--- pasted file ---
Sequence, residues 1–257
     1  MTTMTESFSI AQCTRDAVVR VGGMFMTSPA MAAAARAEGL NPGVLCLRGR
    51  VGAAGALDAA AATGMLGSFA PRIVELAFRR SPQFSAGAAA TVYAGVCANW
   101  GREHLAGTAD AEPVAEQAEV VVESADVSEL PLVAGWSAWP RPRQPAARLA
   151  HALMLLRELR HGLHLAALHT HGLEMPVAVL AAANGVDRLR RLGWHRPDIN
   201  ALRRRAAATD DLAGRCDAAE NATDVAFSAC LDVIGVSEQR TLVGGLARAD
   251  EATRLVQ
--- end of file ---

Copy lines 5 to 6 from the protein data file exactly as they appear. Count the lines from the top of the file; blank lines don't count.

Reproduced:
   151  HALMLLRELR HGLHLAALHT HGLEMPVAVL AAANGVDRLR RLGWHRPDIN
   201  ALRRRAAATD DLAGRCDAAE NATDVAFSAC LDVIGVSEQR TLVGGLARAD